Tuesday, April 17th, 2012
What are your customers doing when your marketing or sales messages show up in their lives? Sitting there waiting, minds clear, all prepared to devote their full attention to what you have to say?
Of course not!
Any time your customers encounter your marketing or sales messages, you can be sure that they already have a deep, rich, personal narrative happening in their minds. Your challenge: Become part of that story without interrupting it. Have a look at today’s newsletter, Don’t Knock Her Story Out Of Her Hands.
Tuesday, September 28th, 2010
People usually scrutinize advertising promises carefully, reacting to each claim of “new and improved” with “prove it to me.” But it’s election season, that season where people decide to believe the most ludicrous claims that can possibly be crammed into a :30 second spot.
“Candidate A has ties to Z.”
“My opponent, candidate B, said C that proves Y.”
“If elected, I pledge to do C because I believe in X.”
I’m not a political commentator, so I will never offer any opinions or views on particular politicians on this blog. But I am a marketing commentator.
So, to sort through this craziness, I want to suggest a simple “rule” for how to interpret political advertising:
Scrutinize political advertising the way
you would scrutinize car advertising
As you watch a political ad, imagine that the product is not a candidate, but a car. Imagine that every nasty thing said by one candidate about another is a Lexus dealer saying something nasty about an Accura dealer down the street.
“Our rival’s lending policies are unfair to middle America.”
“Our cars will get you to the moon, and save you money!”
Would you believe any of this? Of course not!
“If you buy my car, I pledge to bring you prosperity, even if it
requires me to suspend the laws of economics and physics.”
“My opponent may claim that his car is made in America,
but can he prove it? Show us the bills of lading!”
Each political party and most candidates are guilty of this. And we citizens suffer, not only because we don’t get accurate political information, but because we have to suffer through these ads if we choose to have the television on.
The only winners? Ad agencies, who get to suspend standards of good communication and lower the bar on truth, producing anything that looks or sounds good to a citizenry suspending its sense of judgment. This may even be more fun than working on Super Bowl spots!
Tuesday, June 1st, 2010
Today’s newsletter, How to Do Differentiation Differently, follows up on our last issue, offering steps to help you focus on a kind of differentiation that will mean something to your customers.
Please share your comments and experiences! How well does your organization show its individual customers that your recognize what makes each of them unique?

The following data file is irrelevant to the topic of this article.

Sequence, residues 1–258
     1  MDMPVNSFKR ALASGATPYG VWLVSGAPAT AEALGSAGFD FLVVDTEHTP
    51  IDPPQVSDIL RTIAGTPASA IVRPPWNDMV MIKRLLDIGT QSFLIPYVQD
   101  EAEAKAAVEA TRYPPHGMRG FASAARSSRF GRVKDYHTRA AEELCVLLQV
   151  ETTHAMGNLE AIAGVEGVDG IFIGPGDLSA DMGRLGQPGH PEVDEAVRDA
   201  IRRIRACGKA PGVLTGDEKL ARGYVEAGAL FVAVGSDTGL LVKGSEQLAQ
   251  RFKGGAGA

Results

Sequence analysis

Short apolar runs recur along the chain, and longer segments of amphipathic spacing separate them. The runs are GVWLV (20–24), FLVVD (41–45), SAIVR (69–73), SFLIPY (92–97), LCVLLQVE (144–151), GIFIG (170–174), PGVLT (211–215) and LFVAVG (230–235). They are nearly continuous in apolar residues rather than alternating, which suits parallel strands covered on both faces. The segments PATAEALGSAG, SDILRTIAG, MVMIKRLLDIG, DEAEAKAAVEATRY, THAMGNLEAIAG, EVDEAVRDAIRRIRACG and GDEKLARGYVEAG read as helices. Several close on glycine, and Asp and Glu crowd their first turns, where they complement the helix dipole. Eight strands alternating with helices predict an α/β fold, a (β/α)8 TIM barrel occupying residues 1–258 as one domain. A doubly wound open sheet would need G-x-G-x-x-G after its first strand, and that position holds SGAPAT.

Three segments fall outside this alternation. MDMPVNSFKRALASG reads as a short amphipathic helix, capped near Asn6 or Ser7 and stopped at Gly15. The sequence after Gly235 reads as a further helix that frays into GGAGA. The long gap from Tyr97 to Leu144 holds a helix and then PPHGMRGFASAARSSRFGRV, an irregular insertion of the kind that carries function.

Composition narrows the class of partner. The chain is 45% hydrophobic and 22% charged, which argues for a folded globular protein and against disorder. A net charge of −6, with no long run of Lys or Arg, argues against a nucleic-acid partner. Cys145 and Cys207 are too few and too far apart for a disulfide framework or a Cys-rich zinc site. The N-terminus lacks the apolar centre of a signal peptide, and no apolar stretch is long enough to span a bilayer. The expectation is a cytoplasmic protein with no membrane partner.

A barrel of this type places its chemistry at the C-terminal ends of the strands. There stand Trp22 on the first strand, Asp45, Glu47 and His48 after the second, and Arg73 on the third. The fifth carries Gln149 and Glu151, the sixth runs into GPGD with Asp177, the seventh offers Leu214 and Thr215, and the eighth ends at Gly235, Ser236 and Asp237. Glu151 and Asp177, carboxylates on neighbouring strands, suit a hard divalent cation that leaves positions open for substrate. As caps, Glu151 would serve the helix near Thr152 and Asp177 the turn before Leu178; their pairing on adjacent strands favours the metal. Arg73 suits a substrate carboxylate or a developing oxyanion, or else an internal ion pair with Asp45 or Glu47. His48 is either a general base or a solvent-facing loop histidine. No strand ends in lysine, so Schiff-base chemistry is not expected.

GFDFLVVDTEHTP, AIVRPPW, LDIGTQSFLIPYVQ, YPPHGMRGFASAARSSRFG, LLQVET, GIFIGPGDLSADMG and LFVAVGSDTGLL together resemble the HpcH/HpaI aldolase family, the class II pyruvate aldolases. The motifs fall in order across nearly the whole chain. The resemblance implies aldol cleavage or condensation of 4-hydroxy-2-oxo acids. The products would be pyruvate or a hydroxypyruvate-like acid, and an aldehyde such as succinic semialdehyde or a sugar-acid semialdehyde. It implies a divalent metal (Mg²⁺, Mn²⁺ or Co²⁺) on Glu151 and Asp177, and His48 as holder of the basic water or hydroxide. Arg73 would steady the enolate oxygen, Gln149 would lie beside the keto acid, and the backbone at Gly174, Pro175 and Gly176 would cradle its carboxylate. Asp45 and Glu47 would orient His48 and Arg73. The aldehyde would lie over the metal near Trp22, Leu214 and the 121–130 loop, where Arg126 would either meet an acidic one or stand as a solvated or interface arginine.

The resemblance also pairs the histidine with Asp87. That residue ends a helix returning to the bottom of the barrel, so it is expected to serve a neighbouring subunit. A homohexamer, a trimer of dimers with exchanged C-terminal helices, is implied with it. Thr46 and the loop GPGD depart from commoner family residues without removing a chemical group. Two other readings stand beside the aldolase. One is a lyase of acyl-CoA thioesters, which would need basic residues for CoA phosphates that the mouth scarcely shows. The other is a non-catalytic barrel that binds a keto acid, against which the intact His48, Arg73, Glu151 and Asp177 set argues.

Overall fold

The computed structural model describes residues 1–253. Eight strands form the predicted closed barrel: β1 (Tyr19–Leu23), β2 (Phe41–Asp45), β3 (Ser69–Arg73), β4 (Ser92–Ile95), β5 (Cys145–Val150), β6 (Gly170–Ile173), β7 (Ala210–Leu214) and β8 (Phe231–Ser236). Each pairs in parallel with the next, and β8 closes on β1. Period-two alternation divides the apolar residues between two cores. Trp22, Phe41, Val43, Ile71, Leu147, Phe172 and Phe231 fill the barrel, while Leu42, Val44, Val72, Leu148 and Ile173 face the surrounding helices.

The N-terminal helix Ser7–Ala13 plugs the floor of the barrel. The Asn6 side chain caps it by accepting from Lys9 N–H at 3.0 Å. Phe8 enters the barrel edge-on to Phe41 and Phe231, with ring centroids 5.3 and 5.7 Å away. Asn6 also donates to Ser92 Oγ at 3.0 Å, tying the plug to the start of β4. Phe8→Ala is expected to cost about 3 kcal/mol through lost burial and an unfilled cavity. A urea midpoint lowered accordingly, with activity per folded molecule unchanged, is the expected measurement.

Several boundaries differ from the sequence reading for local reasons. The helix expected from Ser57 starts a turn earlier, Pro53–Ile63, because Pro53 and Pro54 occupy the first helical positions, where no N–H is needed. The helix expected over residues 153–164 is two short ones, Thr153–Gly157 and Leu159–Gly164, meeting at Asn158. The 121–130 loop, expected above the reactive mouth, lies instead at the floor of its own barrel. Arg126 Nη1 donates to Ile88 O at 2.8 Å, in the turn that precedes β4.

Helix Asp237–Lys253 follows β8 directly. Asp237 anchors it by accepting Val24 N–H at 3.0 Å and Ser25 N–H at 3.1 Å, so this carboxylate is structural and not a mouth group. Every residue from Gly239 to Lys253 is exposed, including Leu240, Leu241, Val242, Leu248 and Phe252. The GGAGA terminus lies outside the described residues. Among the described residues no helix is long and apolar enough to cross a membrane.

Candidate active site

Read the newsletter here: How to Do Differentiation Differently
Friday, August 28th, 2009
I published this piece on tompters.com today: Social Media as Mass Marketing … Not the Future. Have a look, and add your comments.
Keep the “social” in social media!
Sunday, March 16th, 2008
Close your eyes for a minute and think of a few companies you really like doing business with. (You can open them now) Now, try to remember the interactions that influenced your opinions of those companies.
How many were interactions that were created “en masse” for you and other customers, such as ads, web home pages, fine print, FAQ’s, direct mail pieces, etc.?
How many were one-on-one interactions, such as personal advice from a salesperson, a customer service rep fixing a problem for you, a maintenance person trouble-shooting an issue for you, etc.?
Here is the simple truth: Marketing becomes less effective the more people it tries to reach at one time.
No doubt, it’s impossible to talk to customers one at a time, all of the time. It’s even hard to talk to them in small groups all of the time. Hey, even this blog is a form of mass communication. There are times when it is necessary, and even smart, to talk to customers as a group.
But it is also important to recognize that you are always making a compromise as you talk to many customers at one time. The natural tendency in marketing is to gang up communications and reach more customers, concurrently. Don’t look at this tendency as a convenience that makes the marketing job easier. Look at it as a compromise, even if it is a necessary compromise, that limits your ability to communicate.
Remember The Rule of the Few and the Many. It’s a simple rule: When possible, few is always better than many.
"When Steve Yastrow writes, I pay close attention"
- Tom Peters
"I had to buy two copies. The first one is so dog-eared and underlined I couldn't read it any longer."
- Seth Godin
Steve is the author of Brand Harmony
and the newly published We:
The Ideal Customer Relationship
. Learn more and order direct from our Products
page, or from Amazon
About Steve Yastrow and Yastrow & Company
In addition to writing, I spend most of my work time helping companies unleash their potential by creating better connections with their customers. This happens through my speaking events and through Yastrow & Company consulting engagements, where my team and I help companies figure out who they intend to be in the future, and then engage the entire company in creating that future through strong "We" customer relationships.
Before starting Yastrow & Company in the mid-90s I was vice-president of resort marketing for Hyatt Hotels. My experiences in the hotel business showed me clearly that most marketing doesn’t happen in the marketing department. Customers are paying attention to all interactions with a company, not just the promises made in traditional "marketing communications."
For more information, see our About page.